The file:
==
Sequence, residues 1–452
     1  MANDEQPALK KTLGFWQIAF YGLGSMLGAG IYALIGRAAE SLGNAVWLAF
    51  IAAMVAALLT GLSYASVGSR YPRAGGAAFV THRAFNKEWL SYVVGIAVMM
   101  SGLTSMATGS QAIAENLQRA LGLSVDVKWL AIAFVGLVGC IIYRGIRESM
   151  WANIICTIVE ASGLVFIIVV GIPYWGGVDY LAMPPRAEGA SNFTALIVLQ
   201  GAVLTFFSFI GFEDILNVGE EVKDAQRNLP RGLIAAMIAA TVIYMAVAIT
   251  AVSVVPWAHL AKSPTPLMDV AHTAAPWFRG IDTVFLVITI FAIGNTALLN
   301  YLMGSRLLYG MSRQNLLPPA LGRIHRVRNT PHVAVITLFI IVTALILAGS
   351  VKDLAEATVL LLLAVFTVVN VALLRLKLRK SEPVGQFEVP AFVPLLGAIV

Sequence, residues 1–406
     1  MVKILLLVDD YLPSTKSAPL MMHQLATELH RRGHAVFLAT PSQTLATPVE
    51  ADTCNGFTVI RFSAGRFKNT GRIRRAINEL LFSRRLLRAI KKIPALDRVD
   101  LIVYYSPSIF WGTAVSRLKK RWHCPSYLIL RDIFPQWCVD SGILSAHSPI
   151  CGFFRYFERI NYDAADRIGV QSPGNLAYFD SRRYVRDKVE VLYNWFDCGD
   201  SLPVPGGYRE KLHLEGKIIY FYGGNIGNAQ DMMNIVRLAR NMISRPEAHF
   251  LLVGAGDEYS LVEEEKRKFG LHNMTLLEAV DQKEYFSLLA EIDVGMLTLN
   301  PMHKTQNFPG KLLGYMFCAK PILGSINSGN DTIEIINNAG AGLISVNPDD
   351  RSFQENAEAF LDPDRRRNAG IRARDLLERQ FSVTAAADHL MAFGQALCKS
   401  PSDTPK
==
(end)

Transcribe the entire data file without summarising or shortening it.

Sequence, residues 1–452
     1  MANDEQPALK KTLGFWQIAF YGLGSMLGAG IYALIGRAAE SLGNAVWLAF
    51  IAAMVAALLT GLSYASVGSR YPRAGGAAFV THRAFNKEWL SYVVGIAVMM
   101  SGLTSMATGS QAIAENLQRA LGLSVDVKWL AIAFVGLVGC IIYRGIRESM
   151  WANIICTIVE ASGLVFIIVV GIPYWGGVDY LAMPPRAEGA SNFTALIVLQ
   201  GAVLTFFSFI GFEDILNVGE EVKDAQRNLP RGLIAAMIAA TVIYMAVAIT
   251  AVSVVPWAHL AKSPTPLMDV AHTAAPWFRG IDTVFLVITI FAIGNTALLN
   301  YLMGSRLLYG MSRQNLLPPA LGRIHRVRNT PHVAVITLFI IVTALILAGS
   351  VKDLAEATVL LLLAVFTVVN VALLRLKLRK SEPVGQFEVP AFVPLLGAIV

Sequence, residues 1–406
     1  MVKILLLVDD YLPSTKSAPL MMHQLATELH RRGHAVFLAT PSQTLATPVE
    51  ADTCNGFTVI RFSAGRFKNT GRIRRAINEL LFSRRLLRAI KKIPALDRVD
   101  LIVYYSPSIF WGTAVSRLKK RWHCPSYLIL RDIFPQWCVD SGILSAHSPI
   151  CGFFRYFERI NYDAADRIGV QSPGNLAYFD SRRYVRDKVE VLYNWFDCGD
   201  SLPVPGGYRE KLHLEGKIIY FYGGNIGNAQ DMMNIVRLAR NMISRPEAHF
   251  LLVGAGDEYS LVEEEKRKFG LHNMTLLEAV DQKEYFSLLA EIDVGMLTLN
   301  PMHKTQNFPG KLLGYMFCAK PILGSINSGN DTIEIINNAG AGLISVNPDD
   351  RSFQENAEAF LDPDRRRNAG IRARDLLERQ FSVTAAADHL MAFGQALCKS
   401  PSDTPK